Calling on Debate Moderators to Challenge Candidates to State Their Position on Children’s Issues
Next Administration Will Play Critical Role in America’s Investment in the Next Generation, Yet Voters Have No Idea Where the Candidates Stand on Policy Issues That Impact Kids
San Francisco, CA – Today, The Center for the Next Generation joined First Focus Campaign for Children and Voices for America’s Children in calling on the moderators of the next Presidential and Vice Presidential debates to do something that Jim Lehrer did not do during last week’s debate in Denver: challenge the candidates to make their positions clear on policies related to the country’s most valuable asset, children.
A national survey of parents, released in September by the Center for the Next Generation and Parents Magazine, found that 58 percent felt the presidential candidates were not spending enough time talking about children and family issues. A nationwide poll released in September by the First Focus Campaign for Children found that 63 percent of likely voters – including 59 percent of those without kids – wanted the presidential campaigns to focus more on children’s issues. Yet last week in Denver, the candidates rarely were pressed on where they stand on issues related to kids.
In a letter to ABC News Correspondent Martha Raddatz and CNN Correspondent Candy Crowley, the organizations wrote, “Children’s issues are timely issues. The U.S. House of Representatives has passed a budget plan that would make deep cuts to critical investments in children’s health, child care, family tax credits that lift children out of poverty, child nutrition, and child abuse and neglect prevention and response. The winner of November’s presidential election will play an important role in advancing or impeding this divestment from children, and the American people should know where each candidate stands before casting their ballots….”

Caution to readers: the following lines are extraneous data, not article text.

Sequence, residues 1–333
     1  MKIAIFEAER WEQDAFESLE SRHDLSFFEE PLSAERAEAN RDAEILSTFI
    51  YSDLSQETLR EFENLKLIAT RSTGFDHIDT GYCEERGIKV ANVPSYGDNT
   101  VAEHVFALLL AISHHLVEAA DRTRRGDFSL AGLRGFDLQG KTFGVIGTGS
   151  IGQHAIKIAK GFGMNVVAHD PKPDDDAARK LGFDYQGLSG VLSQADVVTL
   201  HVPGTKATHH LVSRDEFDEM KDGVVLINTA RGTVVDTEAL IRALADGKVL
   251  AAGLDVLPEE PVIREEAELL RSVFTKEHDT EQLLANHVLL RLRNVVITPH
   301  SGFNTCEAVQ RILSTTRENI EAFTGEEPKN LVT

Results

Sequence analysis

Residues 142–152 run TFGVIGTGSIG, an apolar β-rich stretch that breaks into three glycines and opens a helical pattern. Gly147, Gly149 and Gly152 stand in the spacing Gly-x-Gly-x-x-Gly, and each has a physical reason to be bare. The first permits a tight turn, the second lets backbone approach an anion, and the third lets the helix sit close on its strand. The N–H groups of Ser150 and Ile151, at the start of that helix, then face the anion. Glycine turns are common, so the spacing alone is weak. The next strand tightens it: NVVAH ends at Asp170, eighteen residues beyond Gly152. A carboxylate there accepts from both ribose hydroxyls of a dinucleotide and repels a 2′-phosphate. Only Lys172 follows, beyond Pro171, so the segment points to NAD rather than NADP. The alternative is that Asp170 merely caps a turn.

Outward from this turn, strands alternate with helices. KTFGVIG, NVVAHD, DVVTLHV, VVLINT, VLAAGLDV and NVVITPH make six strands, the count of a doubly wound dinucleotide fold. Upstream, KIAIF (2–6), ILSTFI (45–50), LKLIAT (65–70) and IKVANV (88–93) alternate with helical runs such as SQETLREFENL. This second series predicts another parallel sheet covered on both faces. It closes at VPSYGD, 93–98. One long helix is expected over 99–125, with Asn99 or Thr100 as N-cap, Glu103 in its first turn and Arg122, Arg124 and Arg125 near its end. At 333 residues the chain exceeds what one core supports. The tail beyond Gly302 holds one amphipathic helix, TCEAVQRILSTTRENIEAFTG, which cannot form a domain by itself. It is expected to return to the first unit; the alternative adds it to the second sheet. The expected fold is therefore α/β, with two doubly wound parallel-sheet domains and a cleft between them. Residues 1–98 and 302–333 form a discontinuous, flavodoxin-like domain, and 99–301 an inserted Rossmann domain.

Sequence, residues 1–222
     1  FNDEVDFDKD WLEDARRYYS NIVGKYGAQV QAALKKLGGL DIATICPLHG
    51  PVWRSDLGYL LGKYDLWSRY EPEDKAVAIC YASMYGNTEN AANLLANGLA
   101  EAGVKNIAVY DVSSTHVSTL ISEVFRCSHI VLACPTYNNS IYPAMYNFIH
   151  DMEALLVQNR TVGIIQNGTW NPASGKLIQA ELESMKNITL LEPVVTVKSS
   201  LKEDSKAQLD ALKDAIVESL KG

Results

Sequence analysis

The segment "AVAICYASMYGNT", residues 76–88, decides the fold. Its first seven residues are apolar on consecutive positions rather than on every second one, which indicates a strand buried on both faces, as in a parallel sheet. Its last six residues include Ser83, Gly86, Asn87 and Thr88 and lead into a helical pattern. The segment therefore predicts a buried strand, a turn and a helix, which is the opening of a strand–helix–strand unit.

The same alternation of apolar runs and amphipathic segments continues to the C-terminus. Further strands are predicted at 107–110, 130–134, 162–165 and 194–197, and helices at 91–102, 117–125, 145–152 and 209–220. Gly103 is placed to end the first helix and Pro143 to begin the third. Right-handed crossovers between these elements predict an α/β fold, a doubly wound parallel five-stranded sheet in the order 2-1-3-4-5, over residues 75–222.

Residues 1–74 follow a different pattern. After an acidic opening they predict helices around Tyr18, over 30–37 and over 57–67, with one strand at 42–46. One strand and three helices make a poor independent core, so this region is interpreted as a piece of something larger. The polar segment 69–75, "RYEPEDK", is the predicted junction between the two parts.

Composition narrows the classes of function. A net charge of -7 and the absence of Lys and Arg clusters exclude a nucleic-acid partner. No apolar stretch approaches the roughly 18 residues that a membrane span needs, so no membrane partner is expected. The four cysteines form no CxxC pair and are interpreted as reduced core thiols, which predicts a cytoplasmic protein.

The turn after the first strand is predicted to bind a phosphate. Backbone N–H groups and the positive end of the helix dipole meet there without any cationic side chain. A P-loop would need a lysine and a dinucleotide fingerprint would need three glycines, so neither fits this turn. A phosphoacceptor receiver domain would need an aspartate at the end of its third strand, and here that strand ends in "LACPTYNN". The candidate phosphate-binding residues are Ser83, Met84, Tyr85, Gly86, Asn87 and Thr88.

In their letter to the moderators of the next two debates, the organizations included specific questions to ask the candidates:
- Should the United States make a national commitment to eliminate child poverty (now at a 40 year high) within a generation, as the United Kingdom has?
- The Children’s Health Insurance Program (CHIP) and Medicaid have protected children from becoming uninsured during the recession. Should Congress support or reject a budget plan that cuts CHIP and Medicaid, resulting in more kids without health insurance?
- About half of every Supplemental Nutrition Assistance Program (SNAP) dollar goes to children. With one in five children already living in families affected by hunger, would you sign or veto legislation making deep cuts in child nutrition?
- The Child Tax Credit lifts more than one million U.S. kids out of poverty every year. Should Congress ensure that any changes to the Child Tax Credit do not result in the credit’s denial to any eligible child?
- Child care costs consume up to 15% of a typical family’s income. Yet investments that make child care more affordable are on the chopping block in the upcoming budget “sequestration” debate. Would you sign or veto sequestration legislation making deep cuts to child care?
- The U.S. House of Representatives’ budget plan would eliminate a grant program that 35 states use for child abuse and neglect prevention and response. Would you sign or veto legislation that cuts funding for child abuse and neglect prevention and response?
- The federal government has a detailed budget for weather forecasts, but it does not compile an official record of federal investments in kids. Will you commit to sending Congress an official “children’s budget” in 2013?
The organizations conclude in their letter, “This is the moment to put timely issues on the table. This is the moment to give voters what they want. This is the moment to focus on kids.”
To receive a copy of the letter, contact Lisa Cohen at firstname.lastname@example.org.
About The Center for the Next Generation
The Center for the Next Generation works to shape national dialogue around two major challenges that affect the prospects of America’s Next Generation—advancing a sustainable energy future and improving opportunities for children and families. As a nonpartisan organization, the Center generates original strategies that advance these goals through research, policy development and strategic communications. In our home state of California, the Center works to create ground-tested solutions that demonstrate success to the rest of the nation.
Contact: Lisa Cohen, 310-395-2544